Business news from the Fredericksburg region.

RSS feed of this blog

COLUMN: Don’t be deterred by job ads

At this time of year there are many new college graduates who are actively searching for jobs. There are also students looking for summer internships and employees unhappy in their current jobs looking for greener pastures. You might be one of them!

Over the years I have talked with many of these people and have witnessed a couple of things.

When you read a job description or advertisement, many times the person or committee writing the document has listed everything they can in terms of credentials, experiences or qualifications in order to hire THE PERFECT EMPLOYEE.

Guess what? No one may have the breadth or depth the company would like for each of the credentials listed. That person probably does not exist.

So you are in job search mode and you read this description of THE PERFECT EMPLOYEE and think, “While I’d love to have this job, there’s no way they’ll consider ME because I don’t have (then you list the one, two or ten things you DON’T have that the organization is looking for).” And you decide not to apply because YOU have decided you are not right for the position.

I would like to challenge you to stop doing this! If you embrace my theory that THE PERFECT EMPLOYEE does not exist, then why not throw your hat in the ring and see if, just perhaps, you might be the closest-to-perfect applicant they receive? You never know who else is applying so you might as well compete with the other less-than-perfect folks!

While most descriptions list all the credentials they would prefer a person to have, most jobs have 3 to 5 very important experiences or qualifications a person MUST have to effectively perform. Can you figure out what those are? If you have those 3 to 5 (or even think you might), apply!

In January, my college-aged son was notified that he was eligible to apply for a prestigious summer program to be held in another country through his school. As he read through the requirements to be considered, he noted that “preference would be given to students who had not studied abroad.”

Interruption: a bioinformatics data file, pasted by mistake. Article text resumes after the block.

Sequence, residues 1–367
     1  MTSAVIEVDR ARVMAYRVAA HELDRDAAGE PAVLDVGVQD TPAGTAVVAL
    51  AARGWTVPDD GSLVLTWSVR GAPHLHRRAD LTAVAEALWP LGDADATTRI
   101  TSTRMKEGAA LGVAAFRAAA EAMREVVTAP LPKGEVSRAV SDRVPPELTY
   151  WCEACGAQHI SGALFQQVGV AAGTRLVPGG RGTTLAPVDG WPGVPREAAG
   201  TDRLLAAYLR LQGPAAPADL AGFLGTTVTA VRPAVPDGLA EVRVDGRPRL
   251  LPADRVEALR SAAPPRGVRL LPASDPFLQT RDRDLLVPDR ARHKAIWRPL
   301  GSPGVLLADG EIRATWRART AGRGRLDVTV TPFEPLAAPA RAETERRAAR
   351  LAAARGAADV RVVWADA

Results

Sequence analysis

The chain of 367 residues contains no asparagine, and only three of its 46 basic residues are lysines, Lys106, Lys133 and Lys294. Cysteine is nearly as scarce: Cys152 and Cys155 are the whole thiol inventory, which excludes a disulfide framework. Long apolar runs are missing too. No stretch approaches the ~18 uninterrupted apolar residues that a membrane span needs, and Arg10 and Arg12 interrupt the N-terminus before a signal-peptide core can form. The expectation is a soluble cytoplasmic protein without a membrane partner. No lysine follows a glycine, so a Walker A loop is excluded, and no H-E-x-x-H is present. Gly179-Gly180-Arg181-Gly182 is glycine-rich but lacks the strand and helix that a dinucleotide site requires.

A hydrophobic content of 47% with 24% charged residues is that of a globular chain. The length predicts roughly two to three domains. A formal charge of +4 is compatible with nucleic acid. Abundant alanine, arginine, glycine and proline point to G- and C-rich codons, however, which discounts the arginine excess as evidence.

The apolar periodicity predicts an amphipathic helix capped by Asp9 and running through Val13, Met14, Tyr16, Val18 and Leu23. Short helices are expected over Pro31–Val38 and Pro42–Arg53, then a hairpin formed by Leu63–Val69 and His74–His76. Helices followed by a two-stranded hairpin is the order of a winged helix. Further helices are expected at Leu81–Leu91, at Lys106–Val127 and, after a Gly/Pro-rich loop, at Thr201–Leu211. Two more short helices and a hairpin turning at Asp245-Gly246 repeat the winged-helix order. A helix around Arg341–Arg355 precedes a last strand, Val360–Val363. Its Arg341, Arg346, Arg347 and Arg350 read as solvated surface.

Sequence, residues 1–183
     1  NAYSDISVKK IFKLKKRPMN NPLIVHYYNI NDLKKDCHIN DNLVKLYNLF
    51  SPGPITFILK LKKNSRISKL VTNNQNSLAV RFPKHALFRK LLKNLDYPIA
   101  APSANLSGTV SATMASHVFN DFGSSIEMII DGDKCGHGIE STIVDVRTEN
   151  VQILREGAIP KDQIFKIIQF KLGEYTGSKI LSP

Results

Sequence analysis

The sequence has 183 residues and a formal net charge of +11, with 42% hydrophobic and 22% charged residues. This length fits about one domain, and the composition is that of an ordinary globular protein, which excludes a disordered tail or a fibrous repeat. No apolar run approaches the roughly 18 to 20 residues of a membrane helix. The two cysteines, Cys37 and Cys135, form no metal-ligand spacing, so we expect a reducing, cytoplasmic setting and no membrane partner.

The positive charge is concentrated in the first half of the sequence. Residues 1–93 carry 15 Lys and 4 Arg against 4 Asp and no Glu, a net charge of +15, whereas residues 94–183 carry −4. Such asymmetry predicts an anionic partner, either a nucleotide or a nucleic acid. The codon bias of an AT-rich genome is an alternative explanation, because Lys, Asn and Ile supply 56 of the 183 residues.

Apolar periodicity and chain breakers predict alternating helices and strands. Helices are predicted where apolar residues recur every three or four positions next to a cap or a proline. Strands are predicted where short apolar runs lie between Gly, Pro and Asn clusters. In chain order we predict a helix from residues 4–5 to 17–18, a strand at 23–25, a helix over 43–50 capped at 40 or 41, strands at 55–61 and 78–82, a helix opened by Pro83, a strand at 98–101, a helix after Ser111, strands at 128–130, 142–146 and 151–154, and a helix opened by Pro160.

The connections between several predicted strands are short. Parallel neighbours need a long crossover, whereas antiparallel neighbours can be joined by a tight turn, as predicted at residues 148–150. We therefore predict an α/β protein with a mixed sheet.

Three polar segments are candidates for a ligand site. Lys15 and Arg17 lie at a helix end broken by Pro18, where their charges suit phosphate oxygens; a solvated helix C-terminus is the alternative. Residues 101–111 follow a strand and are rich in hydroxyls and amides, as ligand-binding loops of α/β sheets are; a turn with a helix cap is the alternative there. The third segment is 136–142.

As he had spent ten months in Italy as a Rotary Youth Exchange student during a gap year between high school and college, he told me that he thought he should not apply for this summer program because he would not be selected because he had lived in Italy.

I reminded him that the word was “preference,” not “requirement” and encouraged him to apply. I also indicated that he would have no way of knowing who else would apply AND what credentials they would bring to the table. At the end of the day, I encouraged him not to “self select out”; by not applying he would not be giving the organization a chance to get to know him.

You can probably guess where this is going. He chose to apply, completed an impressive array of forms, received a phone interview, and was recently notified that he had been accepted into the all expenses paid (the parents are happy!) program.

When I spoke with him the day he learned of his acceptance, after congratulating him, the first thing I talked with him about was the lesson learned. If he had decided to not apply because he thought he could/would not be considered, he would not be studying abroad this summer.

This is a great life lesson! So many times WE decide that we do not have what it takes to be successful in whatever endeavor we are considered when, in fact, we do! But we must learn to have confidence in our abilities and experiences and also remember that we do not know who our competition is. We might actually be THE PERFECT EMPLOYEE (or candidate), but if we do not apply, they (and we) will never know.

As I mentioned before, it is job search season for many. If you or your loved ones are searching, I encourage you (them) to cast a wide net, applying to positions that might even be a stretch! You never know what the hiring manager or committee is REALLY looking for. You just might be their definition of THE PERFECT EMPLOYEE!

Lynne Richardson is the dean of  the University of Mary Washington’s School of Business and a marketing professor. She writes about various aspects of finance and economics that affect our readers. Send suggestions for future topics to